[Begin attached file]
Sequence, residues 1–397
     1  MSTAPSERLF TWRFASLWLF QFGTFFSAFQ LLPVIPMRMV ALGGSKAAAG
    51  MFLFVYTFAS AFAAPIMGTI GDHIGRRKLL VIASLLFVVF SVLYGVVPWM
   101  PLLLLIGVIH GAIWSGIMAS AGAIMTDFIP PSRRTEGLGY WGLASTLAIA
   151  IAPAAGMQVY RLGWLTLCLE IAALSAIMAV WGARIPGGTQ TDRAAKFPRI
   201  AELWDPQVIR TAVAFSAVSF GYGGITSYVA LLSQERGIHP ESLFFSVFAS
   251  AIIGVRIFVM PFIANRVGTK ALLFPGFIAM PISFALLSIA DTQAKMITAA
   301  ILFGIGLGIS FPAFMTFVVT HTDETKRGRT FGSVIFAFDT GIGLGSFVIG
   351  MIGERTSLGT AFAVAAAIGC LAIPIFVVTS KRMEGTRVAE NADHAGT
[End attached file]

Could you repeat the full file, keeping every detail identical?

Sequence, residues 1–397
     1  MSTAPSERLF TWRFASLWLF QFGTFFSAFQ LLPVIPMRMV ALGGSKAAAG
    51  MFLFVYTFAS AFAAPIMGTI GDHIGRRKLL VIASLLFVVF SVLYGVVPWM
   101  PLLLLIGVIH GAIWSGIMAS AGAIMTDFIP PSRRTEGLGY WGLASTLAIA
   151  IAPAAGMQVY RLGWLTLCLE IAALSAIMAV WGARIPGGTQ TDRAAKFPRI
   201  AELWDPQVIR TAVAFSAVSF GYGGITSYVA LLSQERGIHP ESLFFSVFAS
   251  AIIGVRIFVM PFIANRVGTK ALLFPGFIAM PISFALLSIA DTQAKMITAA
   301  ILFGIGLGIS FPAFMTFVVT HTDETKRGRT FGSVIFAFDT GIGLGSFVIG
   351  MIGERTSLGT AFAVAAAIGC LAIPIFVVTS KRMEGTRVAE NADHAGT